The Grateful Immigrant Christian

The Grateful Immigrant Christian sees the 4th of July much like the Conservative, however, they speak from a different set of life experiences.

For many Immigrants, America is truly the land flowing with milk and honey (especially when contrasted with their tumultuous experiences in their country of origin). As a pastor who leads a congregation with many people who are foreign-born (50% of Queens residents are foreign-born), I hear this a lot. Over coffee, or in a small-group meeting, I have heard congregants applaud and celebrate America without reservation. When compared with expressively violent and dysfunctional regimes, Immigrant Christians are simply grateful to be alive and free from what often felt like tyranny. They have received a new lease on life. This needs to be understood and compassionately heard.

The danger, however, for many Immigrant Christians is the lack of historical perspective. As a pastor who preaches regularly on racism, I’ve found that many immigrants have virtually no framework (or any desire, to be honest) to hear about the struggles of people (particularly Black people) in this country. Many have suffered and moved on, and some often wonder, Why can’t everyone else do the same?

The point of growth for the Immigrant Christian, then, is to hold the tension of historical and present moral mixed together. For them, this country has been a land flowing with milk and honey—but they need to see that for many others, the milk has been spoiled and the honey has been unavailable.

The Indifferent Christian

The Indifferent Christian is the person who really doesn’t focus too much on history, symbols, or the debates that fill the social media timelines of others. On this 4th of July, they just want to grill and eat!

One could argue that people with each of these four perspectives want to grill and eat, too. But the difference is that the Indifferent Christian doesn’t want to rock the boat.

For this person, the 4th of July question is, “Can’t we all just get along?” The Indifferent Christian doesn’t want to focus on the gifts of the country, per se, and neither do they reflect on the deep shortcomings of our country’s history. They just want to eat!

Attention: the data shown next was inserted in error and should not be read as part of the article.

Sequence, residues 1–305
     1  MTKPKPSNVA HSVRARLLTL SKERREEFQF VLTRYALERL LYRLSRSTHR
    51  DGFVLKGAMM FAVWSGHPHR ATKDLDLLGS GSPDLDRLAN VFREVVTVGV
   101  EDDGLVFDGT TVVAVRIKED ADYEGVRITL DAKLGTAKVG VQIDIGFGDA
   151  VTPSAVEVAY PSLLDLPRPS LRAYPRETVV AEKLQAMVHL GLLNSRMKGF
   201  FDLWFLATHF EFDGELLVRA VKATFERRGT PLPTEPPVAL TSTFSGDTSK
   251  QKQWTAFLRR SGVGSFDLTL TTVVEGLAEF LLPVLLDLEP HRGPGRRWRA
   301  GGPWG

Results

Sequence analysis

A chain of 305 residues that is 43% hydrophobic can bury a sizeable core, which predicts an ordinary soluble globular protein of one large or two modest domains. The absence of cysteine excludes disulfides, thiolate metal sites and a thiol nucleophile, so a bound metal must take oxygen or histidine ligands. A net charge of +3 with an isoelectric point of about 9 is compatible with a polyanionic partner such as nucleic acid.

The path of growth for this person is to move out of peacekeeping into peacemaking. To be a Christian is to be concerned about the matters that impact others. It requires us to risk being discomforted from time to time. This doesn’t require that every BBQ turn into a political debate, but it does mean refusing to be an adherent of false peace.

Becoming Non-Dualistic Christians

There are many in the church I lead—and in churches around the country—that fall into one of these categories. We are all on a journey. But prayerfully, our respective journeys will lead us to being able to navigate a complex holiday like the 4th of July with greater nuance and vision.

To do that, we must intentionally move out of dualistic thinking. In explaining dualistic thinking, Richard Rohr writes,

The dualistic mind is essentially binary, either/or thinking. It knows by comparison, opposition, and differentiation. It uses descriptive words like good/evil, pretty/ugly, smart/stupid, not realizing there may be a hundred degrees between the two ends of each spectrum. Dualistic thinking works well for the sake of simplification and conversation, but not for the sake of truth or the immense subtlety of actual personal experience. Most of us settle for quick and easy answers instead of any deep perception … (excerpted from The Naked Now).

I’d like to submit that on the 4th of July (and generally), we need non-dualistic Christians who are able to see both the gifts of American life and the deeply troubling legacy of American oppression. We must be able to say “Yes!” and “No!”

By God’s grace, the non-dualistic Christian is able to move beyond idolatry and anger. They are able to transcend fear and apathy. The non-dualistic Christian is one who is prepared to engage holidays like the 4th of July with moral and theological clarity. They are not bound by the forces that constrain us into taking sides.

In short, they are able to saying things like, “Our country is not perfect, but I’m grateful for the good that has come forth.” And in the same breath, they are able to say like James Baldwin,

I love America more than any other country in the world and, exactly for this reason, I insist on criticizing her perpetually.

Not either/or, but both/and. On this 4th of July, let us remember James Baldwin once said, 'I love America more than any other country in the world and, exactly for this reason, I insist on criticizing her perpetually.' Click To Tweet